Review Summary: Dreams don't die under the red sky.
I can’t think of a city brimming with as much love and life as Beirut. When chaos started to spill over the Lebanese frontier during the Syrian war, it was impossible for its citizens to ignore that the world around them was in flames. Over a million refugees crossed the border into Lebanon escaping a war that is still ongoing for almost a decade. It was in this setting where Postcards came to life.
Music has always served as a way to escape reality, specially when it’s painted with bloodshed, injustice and human drama. For Postcards, making music was a way to cope with the surrounding maelstrom, but also a way to raise awareness about a formidable shoegaze and dream pop scene happening in Beirut, spearheaded by them. The Good Soldier
is their second release, recorded in Beirut’s Tunefork Studios with Fadi Tabbal on the controls and published by German label T3 records. It is a vast improvement on their first album, I’ll be here in the morning
, partly due to a more aggressive approach in songs like the fantastic opener, “Dead end”, but also because they have explored further the depths of dream pop and slow core, striking gold in tracks like “Last resort”, more akin to the direction of their debut.
At first, The Good Soldier
seems a bit front loaded. The band shows how effortlessly they can tame a wild track like “Dead End” and at the same time rock out a bedroom pop wonder like “Spiderwebs” in the first ten minutes of the album. A song like the second track, “Fossilized”, show the best they have in them, setting the bar really high for the rest of the album to follow. In comparison with the band’s debut, I personally feel that their newfound strength relies on the harsher tracks that fall on shoegaze territory. Julia Sabra’s voice has a distinctive, ghostly charm that compliments the distortion wall they create perfectly in a track like “Lights out”, one of the many peaks of The Good Soldier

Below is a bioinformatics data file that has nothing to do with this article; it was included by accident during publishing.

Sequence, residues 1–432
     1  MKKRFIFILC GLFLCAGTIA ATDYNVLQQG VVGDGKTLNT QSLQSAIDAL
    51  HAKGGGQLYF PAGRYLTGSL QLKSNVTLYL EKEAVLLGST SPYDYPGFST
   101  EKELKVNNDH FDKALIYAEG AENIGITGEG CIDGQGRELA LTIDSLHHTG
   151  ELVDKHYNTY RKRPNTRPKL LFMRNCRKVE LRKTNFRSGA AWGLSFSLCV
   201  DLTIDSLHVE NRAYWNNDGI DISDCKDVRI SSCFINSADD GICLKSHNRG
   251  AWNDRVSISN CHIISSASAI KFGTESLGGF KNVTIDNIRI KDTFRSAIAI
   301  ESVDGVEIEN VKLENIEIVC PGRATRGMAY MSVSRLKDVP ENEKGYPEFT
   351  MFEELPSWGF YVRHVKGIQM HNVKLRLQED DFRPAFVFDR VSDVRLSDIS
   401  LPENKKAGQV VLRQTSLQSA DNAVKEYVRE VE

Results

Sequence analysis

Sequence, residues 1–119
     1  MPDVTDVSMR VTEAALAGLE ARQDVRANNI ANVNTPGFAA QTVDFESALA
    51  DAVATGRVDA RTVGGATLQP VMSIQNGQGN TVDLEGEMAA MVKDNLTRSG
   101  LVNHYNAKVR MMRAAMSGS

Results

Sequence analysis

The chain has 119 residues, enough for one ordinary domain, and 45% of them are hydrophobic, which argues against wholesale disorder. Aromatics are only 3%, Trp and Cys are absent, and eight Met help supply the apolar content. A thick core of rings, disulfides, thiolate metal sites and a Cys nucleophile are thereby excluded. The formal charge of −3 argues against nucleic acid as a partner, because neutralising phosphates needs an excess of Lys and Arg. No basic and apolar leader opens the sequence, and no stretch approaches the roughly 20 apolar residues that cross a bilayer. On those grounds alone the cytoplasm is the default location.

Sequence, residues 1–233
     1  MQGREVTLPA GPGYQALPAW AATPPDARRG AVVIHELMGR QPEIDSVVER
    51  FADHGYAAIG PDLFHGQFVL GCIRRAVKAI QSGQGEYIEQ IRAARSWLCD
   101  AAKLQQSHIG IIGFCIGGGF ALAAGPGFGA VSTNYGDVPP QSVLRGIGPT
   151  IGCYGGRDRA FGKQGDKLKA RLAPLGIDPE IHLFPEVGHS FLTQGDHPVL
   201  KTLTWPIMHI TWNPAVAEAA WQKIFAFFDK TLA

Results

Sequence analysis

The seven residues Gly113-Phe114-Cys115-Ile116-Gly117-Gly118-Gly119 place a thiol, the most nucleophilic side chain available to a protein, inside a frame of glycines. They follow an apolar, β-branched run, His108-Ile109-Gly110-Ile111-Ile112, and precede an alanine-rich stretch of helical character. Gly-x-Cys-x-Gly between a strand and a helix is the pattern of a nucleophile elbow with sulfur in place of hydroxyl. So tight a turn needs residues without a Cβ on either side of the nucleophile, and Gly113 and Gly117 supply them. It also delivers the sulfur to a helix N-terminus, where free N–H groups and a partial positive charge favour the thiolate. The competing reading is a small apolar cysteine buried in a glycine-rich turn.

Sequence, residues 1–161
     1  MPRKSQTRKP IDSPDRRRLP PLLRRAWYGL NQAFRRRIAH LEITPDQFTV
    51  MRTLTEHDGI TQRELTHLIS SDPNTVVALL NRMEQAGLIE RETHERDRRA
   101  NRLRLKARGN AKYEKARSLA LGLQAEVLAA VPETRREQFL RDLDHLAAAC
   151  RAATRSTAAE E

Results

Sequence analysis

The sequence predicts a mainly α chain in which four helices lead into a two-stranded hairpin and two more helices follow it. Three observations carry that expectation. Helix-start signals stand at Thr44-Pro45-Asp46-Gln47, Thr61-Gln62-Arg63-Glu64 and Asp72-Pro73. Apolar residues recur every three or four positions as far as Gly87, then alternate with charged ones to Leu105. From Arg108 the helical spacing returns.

, whereas in a song like “Freedriving”, an affair closer to twee pop, the band’s tension deflates and falls somewhat short of lightning. It’s almost an isolated case though because Postcards know how to handle slow droning pop in songs like “Last resort” or the closing “Little lies”, while still weaving an electrifying web of sounds around them to take hold of the listener.
For a band active since 2012, whose first record came out just a couple of years ago, The Good Soldier
is an outstanding achievement, not only because Postcards have been able to create a superior album in such a short time after their debut, showing they ride on unstoppable momentum, but also because they have been able to do so pushing away the horrors of the brutal reality they have lived on a daily basis. 2020 is a promising year for Postcards, thanks to a brand new album and a European tour ahead of them to support it, so catch them live if you have the chance!